Lanka on the brink

THERE seems little prospect of an end to violence in Sri Lanka. The Lankan government is apparently in no mood to hold out the olive branch to Tiger rebels - it has announced that it is pulling out of the Norway-brokered 2002 ceasefire agreement.

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Published: Thu 17 Jan 2008, 9:06 AM

Last updated: Sun 5 Apr 2015, 3:59 PM

So essentially the government is keen to seek a military solution to the ethnic conflict, though it maintains that it is open to peace talks with the rebel group. Lankan officials have also been lashing out at rebel leaders for the past few days. On the other hand, Tamil Tigers are determined to take on government forces come what may.

Close on the heels of the blast in which a Lankan minister was killed, 23 people, including schoolchildren, on a bus have died in yet another explosion in a town south-east of Colombo. The government has blamed Tiger rebels for the blasts. Lankan soldiers and rebels are reportedly locked in a fierce combat in several parts of the northern part of the country. Violence has therefore escalated in the last few days and it's being predicted that there's every possibility of a full-fledged conflict this year.

It's not that the ceasefire period has been entirely peaceful. If anything, the farcical truce clearly came in handy for getting ready to fight all over again. According to reports, 5,000 people have been killed over the past two years with both the government and the rebel group doing precious little to stick to the peace agreement. And it's the civilians who have to bear the brunt of the standoff. A large number of civilians have reportedly been killed in air raids carried out by the Lankan government on rebel bases in the northern part of the country. Also, hundreds have been killed in explosions set off by rebels in various parts of the country. Thousands of Sri Lankans have been displaced. All these indicate a growing humanitarian crisis in the country as the international community's interest in the Lankan conflict seems to be on the wane.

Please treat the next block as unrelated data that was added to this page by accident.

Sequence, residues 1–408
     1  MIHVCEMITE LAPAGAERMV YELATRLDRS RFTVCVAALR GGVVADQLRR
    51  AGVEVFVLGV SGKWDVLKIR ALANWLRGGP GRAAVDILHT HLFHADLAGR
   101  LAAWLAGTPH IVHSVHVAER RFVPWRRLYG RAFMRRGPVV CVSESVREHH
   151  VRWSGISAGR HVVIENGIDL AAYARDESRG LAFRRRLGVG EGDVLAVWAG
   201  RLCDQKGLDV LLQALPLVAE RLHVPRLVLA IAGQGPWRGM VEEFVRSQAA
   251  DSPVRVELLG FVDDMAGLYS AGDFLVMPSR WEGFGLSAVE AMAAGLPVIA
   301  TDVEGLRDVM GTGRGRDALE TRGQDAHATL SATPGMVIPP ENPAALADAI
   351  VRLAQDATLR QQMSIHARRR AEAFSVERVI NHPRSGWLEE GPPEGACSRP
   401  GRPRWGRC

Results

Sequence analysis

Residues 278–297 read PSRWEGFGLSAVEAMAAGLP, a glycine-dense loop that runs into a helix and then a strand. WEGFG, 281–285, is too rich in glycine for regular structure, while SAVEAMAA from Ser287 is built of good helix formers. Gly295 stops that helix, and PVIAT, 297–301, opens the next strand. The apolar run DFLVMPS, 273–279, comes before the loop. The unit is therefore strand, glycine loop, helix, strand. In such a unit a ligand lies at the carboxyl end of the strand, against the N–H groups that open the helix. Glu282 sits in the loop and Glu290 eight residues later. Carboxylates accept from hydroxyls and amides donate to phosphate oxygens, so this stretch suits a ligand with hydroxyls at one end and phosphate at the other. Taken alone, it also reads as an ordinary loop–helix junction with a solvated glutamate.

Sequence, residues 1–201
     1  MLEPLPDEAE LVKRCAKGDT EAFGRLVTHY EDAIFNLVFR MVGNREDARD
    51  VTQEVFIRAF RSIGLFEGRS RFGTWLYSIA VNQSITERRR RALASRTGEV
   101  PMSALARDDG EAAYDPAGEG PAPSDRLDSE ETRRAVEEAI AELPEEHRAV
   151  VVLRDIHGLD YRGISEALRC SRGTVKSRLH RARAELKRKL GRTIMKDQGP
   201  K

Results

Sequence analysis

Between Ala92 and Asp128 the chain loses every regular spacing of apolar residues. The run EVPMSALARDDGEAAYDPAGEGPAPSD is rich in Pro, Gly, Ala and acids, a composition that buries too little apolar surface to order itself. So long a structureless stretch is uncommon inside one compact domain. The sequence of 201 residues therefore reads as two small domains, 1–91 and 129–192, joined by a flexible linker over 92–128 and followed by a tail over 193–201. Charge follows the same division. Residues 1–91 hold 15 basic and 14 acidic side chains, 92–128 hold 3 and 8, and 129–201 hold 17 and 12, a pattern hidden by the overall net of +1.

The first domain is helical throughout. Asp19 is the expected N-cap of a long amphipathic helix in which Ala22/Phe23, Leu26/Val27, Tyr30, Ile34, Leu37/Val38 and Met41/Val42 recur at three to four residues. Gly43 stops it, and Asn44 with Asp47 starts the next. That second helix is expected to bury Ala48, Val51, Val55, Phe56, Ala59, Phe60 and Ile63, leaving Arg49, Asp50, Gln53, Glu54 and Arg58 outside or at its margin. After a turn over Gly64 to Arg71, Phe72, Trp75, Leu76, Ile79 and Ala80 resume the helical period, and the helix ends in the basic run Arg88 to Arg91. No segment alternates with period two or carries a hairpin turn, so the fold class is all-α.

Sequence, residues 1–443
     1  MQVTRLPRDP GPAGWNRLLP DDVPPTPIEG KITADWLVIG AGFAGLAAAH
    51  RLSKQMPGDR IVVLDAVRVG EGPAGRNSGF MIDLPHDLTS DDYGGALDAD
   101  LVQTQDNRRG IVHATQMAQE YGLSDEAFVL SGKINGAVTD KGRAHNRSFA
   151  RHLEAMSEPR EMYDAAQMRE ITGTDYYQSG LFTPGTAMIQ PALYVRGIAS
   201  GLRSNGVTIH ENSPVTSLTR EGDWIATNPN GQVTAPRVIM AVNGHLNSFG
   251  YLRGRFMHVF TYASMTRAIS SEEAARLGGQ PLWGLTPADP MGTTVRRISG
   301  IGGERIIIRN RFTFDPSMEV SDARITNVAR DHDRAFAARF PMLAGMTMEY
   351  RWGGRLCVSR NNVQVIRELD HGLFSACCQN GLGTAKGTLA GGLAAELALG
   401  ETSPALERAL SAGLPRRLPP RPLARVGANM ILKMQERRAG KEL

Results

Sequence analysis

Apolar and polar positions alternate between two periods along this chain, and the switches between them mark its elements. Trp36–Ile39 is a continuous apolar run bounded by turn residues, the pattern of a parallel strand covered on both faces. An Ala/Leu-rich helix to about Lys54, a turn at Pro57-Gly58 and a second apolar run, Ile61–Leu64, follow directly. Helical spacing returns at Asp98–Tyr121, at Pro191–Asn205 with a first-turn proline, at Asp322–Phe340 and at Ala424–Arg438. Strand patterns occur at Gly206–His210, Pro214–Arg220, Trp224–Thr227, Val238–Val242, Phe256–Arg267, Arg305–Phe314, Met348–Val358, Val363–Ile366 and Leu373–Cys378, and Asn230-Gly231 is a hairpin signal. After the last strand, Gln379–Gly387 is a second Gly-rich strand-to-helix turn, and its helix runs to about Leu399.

With the Lankan government withdrawing from the ceasfire, the international community, including Sri Lanka's neighbours, should not remain spectators. Efforts should be made to keep communication channels between the government and rebels open. Peace talks should continue to address the core issues that include the grievances of the Tamil community in the war-ravaged nation. Sri Lankan lawmakers should also concentrate on finding a long-overdue poilitical solution to the conflict.

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